What a pity to lost this great man!!!
  8. Tribute[ Go to top ]

    I still remember the Codd's rules for a perfect RDBMS helped in one of my Interview. Thanks to Codd and praying for his soul.

    Jiji
  9. Relations will certainly rank as one of the greatest contributions made to Computer Science and Information Technology by this man. He will be remebered as long as mankind uses IT as a tool to furthur its progress.
  10. Tribute[ Go to top ]

    Need the constraint - 'Cannot delete the genius'.

    Praying for his soul.
  11. Hi,

       I'm 42. I've been doing computers as long as there have been desktops (early 80s). My parents are in there mid-seventies, and just started using computers a few years ago, but now have wideband, father even has his own website ( http://www.unc.edu/~schaefer ). But they will die sooner than I would like.

       It strikes me that IT is reaching middle age in a way also. Our conceptual parents, like Mr. Codd, are dying. A sobbering thought for an industry that is remaking itself every 3 to 5 years, ever young.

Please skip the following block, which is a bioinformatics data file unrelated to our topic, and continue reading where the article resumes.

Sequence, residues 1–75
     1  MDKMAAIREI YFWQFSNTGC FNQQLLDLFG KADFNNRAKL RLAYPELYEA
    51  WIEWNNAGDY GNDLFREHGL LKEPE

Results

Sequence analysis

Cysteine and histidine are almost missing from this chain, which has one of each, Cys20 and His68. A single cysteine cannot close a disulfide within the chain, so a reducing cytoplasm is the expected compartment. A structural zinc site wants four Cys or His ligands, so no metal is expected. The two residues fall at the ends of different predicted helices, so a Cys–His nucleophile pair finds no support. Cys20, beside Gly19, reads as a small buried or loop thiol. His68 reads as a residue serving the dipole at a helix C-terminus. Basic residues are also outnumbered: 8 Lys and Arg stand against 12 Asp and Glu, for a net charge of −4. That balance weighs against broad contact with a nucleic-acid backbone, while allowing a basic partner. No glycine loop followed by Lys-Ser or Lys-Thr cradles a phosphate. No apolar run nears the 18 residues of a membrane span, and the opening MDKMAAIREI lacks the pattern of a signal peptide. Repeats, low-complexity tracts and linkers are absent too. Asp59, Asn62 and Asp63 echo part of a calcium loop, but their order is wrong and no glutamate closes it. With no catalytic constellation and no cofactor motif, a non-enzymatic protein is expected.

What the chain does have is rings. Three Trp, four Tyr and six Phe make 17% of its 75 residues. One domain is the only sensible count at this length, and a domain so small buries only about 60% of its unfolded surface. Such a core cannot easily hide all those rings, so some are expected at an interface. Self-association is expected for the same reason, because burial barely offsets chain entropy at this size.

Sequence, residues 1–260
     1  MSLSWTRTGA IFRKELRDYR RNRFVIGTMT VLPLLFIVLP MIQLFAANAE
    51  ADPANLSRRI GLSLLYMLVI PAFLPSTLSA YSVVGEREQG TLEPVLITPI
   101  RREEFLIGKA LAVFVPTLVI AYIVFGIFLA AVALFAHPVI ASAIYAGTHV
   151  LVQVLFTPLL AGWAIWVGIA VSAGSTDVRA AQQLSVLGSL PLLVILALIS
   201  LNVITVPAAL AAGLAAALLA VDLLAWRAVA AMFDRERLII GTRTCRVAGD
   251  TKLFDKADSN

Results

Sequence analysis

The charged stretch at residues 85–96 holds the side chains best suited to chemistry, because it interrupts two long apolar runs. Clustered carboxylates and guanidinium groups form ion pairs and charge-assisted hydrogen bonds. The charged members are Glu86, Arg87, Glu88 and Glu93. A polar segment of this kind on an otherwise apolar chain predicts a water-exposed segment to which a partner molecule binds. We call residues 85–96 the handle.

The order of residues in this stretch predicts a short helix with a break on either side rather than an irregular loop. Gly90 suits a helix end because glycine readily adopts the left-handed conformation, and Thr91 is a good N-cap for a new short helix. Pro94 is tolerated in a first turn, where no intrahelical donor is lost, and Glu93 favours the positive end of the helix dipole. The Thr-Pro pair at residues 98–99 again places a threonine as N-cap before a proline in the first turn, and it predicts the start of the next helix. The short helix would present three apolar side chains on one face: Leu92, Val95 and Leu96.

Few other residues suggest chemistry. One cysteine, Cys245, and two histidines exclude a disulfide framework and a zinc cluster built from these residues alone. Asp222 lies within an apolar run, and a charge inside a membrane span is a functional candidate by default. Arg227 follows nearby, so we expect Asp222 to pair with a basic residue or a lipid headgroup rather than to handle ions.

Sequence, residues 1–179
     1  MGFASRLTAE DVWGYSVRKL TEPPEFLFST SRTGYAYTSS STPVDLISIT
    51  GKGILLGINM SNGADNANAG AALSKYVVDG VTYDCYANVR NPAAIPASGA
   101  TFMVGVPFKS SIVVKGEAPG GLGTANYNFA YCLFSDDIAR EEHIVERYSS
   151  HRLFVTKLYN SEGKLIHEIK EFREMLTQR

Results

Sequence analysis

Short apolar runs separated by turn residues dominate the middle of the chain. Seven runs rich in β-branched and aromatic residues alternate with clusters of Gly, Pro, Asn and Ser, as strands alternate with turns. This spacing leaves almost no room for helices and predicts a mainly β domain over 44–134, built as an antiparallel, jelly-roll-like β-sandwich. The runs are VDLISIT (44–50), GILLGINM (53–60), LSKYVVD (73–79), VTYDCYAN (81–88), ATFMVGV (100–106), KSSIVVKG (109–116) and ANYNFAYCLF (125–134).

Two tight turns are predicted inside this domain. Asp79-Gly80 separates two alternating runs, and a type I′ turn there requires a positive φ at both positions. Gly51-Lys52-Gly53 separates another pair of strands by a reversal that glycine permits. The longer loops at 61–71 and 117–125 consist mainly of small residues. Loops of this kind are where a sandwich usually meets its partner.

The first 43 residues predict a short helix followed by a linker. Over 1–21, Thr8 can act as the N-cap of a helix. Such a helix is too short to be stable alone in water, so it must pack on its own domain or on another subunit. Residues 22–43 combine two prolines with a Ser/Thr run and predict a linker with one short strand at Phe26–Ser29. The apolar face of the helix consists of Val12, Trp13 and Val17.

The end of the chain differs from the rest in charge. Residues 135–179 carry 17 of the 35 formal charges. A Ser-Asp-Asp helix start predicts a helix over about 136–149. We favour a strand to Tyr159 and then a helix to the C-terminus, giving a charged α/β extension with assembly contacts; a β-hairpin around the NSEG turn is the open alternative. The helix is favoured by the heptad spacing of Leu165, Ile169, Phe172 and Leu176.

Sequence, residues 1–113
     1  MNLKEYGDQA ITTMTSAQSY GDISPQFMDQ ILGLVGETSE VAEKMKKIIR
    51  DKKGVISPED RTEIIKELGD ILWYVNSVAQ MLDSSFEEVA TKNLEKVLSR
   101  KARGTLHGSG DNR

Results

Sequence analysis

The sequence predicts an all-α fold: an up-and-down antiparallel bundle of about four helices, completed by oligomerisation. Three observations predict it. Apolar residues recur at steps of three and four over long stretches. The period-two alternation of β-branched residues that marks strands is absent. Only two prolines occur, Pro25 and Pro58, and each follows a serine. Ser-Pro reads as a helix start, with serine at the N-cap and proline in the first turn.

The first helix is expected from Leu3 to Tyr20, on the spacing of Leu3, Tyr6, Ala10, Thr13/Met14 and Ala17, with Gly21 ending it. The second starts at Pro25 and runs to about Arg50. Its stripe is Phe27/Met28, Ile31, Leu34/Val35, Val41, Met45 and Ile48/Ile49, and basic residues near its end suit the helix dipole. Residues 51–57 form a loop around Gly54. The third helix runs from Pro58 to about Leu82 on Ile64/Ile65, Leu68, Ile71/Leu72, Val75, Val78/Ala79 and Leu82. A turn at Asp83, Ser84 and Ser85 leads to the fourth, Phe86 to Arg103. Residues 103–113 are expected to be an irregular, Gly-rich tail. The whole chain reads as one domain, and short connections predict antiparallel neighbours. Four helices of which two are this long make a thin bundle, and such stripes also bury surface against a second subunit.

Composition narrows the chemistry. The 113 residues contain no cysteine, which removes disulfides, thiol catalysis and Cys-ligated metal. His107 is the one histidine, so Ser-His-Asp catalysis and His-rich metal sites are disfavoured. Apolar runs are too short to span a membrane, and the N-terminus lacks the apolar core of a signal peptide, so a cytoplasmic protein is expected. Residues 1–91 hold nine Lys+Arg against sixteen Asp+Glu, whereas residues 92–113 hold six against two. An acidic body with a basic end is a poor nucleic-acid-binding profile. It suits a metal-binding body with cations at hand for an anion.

-Tom
  12. We truely rest on the shoulders of giants.
  13. I am wondering whether the world recognized him with any major awards like the "ACM Turing Award". Is there is no version of the Nobel Prize in Computer Science? We certainly must honor the people who changed the way we do computers. Some of the names I recall as greats are :

    Dijkstra, Tim Berners-Lee, Codd, Bresenham, Sutherland, Diffie, Bill Joy, Knuth

    This lists a few pioneers.
    Pioneers in Computer History

    Folks, want to add more information on our pioneers.
  14. The greatest tragedy[ Go to top ]

    It's tragic for the computing industry that he died.

    However the greatest tragedy is that his theories to this date are so little understood.
    One example is the J2EE comunity that doesn't seem to want to create database access utilities that are purely for relational data. They always want to support all kind's of data storage systems, particularly socalled object databases. The result is that we have no streemlined, optimized relational oriented data access.